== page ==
New ID cards to store health records

Biometric passports by end of year

Each new identity card to be introduced next year would contain an electronic chip containing the individual's health record, Communications Minister Austin Gatt told Parliament yesterday.

Moving the second reading of the Central Registry Bill, he said the information would be linked to Mater Dei Hospital, health clinics and, in time, to general practitioners' clinics. Eventually the individual's banking information could be stored on the ID card, the use of which could be extended as an alternative to the passport and even the credit card, where small amounts were concerned.

Dr Gatt said he hoped that biometric passports would be introduced by the end of the year. These would contain the print of one of the individual's fingers. In all probability, he said, they would also contain another security feature - the individual's iris.

The Bill had already been moved during the last legislature and 49 of its 90 clauses had been reviewed in committee stage. A number of amendments had been suggested by both sides and the new bill's first clauses were being presented as amended. However, he felt some of the clauses connected with IT still needed to be refined.

The Bill aims at consolidating into one law the separate pieces of legislation relating to Public Registry and Land Registry operations, eliminating the dichotomy between the two.

Dr Gatt said this was the first step to modernising the registry, and he was convinced that this would lead to better accessibility of information.

This was not a bill aiming only at registration of land. There was also the register of persons and that of legal entities, all linked to a sophisticated IT system. The Public Registry and the Land Registry part-duplicated the information, but this would now be eliminated and the new Central Registry would lead to researchers being able to find to whom a residence or field belonged. The law would give owners legal surety of title.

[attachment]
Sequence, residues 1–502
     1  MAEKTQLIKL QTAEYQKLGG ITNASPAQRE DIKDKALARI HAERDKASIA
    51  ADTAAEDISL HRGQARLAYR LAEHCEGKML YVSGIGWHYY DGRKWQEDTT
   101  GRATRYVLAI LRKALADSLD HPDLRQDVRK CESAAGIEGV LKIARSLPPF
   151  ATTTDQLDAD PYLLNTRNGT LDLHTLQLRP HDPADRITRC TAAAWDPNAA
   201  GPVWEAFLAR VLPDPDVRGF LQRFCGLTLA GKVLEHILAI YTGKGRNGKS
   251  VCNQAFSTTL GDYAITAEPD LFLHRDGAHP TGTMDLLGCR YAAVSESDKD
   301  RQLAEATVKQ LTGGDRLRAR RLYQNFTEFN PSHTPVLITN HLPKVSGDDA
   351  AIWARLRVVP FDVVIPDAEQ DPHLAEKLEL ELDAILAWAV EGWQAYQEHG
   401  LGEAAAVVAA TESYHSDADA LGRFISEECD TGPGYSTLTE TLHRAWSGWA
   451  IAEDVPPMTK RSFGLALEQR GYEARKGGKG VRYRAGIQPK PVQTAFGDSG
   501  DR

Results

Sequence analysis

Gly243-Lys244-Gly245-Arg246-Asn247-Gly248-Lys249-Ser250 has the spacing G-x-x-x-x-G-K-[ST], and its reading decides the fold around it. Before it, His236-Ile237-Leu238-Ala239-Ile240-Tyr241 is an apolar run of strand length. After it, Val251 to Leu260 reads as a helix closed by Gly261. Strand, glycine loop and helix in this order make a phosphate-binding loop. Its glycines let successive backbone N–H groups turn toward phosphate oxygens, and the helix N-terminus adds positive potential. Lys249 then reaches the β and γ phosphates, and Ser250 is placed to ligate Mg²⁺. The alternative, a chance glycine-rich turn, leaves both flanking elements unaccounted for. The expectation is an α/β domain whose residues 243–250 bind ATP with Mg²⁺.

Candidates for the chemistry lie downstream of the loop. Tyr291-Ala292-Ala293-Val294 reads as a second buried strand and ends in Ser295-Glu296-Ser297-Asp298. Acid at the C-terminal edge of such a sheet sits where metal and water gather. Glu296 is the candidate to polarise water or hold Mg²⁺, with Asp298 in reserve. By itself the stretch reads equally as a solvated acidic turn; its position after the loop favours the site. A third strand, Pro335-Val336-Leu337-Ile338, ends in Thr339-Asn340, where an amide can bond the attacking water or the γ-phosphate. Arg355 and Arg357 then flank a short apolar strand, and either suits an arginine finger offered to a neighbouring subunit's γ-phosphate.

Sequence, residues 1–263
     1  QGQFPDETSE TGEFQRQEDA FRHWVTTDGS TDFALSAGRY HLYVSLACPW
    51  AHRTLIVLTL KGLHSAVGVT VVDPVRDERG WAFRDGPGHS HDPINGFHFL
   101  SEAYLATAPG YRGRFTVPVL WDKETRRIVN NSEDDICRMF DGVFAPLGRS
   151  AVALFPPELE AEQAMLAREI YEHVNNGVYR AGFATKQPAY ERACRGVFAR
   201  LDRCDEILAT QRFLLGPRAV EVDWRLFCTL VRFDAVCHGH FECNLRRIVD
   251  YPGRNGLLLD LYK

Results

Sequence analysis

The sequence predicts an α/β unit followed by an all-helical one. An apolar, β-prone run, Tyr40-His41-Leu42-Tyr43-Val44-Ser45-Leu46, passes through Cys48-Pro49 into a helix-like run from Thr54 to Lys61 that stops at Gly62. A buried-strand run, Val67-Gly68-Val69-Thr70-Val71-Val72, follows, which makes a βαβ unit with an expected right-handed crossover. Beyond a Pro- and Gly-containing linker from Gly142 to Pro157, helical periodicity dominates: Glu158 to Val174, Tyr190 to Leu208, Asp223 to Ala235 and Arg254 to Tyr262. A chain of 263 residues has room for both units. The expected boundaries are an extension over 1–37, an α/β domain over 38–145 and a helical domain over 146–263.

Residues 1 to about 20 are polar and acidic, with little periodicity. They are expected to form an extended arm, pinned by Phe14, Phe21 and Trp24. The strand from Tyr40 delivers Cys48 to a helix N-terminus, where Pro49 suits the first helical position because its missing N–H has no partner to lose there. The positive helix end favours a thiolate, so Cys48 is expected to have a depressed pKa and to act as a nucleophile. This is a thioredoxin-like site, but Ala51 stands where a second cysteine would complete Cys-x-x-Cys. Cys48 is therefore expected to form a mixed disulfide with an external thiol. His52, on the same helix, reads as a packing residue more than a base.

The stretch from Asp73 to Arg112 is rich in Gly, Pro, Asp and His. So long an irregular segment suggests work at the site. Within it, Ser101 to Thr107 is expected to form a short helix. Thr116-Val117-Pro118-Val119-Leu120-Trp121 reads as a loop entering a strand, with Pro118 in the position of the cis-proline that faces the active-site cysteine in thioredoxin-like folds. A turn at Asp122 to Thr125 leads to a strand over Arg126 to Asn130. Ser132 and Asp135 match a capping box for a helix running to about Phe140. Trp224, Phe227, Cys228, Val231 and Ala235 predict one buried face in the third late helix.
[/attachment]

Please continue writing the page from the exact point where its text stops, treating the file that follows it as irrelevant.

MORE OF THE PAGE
Apart from the information in the registry being used for ID cards and passports, this database would also register non-legal entities, thus enabling citizens to see who were the persons responsible for such entities. The register of legal entities, administered by the MFSA, was working well.

Dr Gatt said the Central Registry database would be accessible on the existing e-government system 24 hours a day, seven days a week.

He expected the Public Registry and the Land Registry would account for a greater part of the discussion on the Bill because they were the most complicated. They included technicalities and legal jargon, as well as some changes to entrenched practices. Although the Land Registry had been formed, and there had been various efforts by governments and ministers, the Public Registry's function had remained important.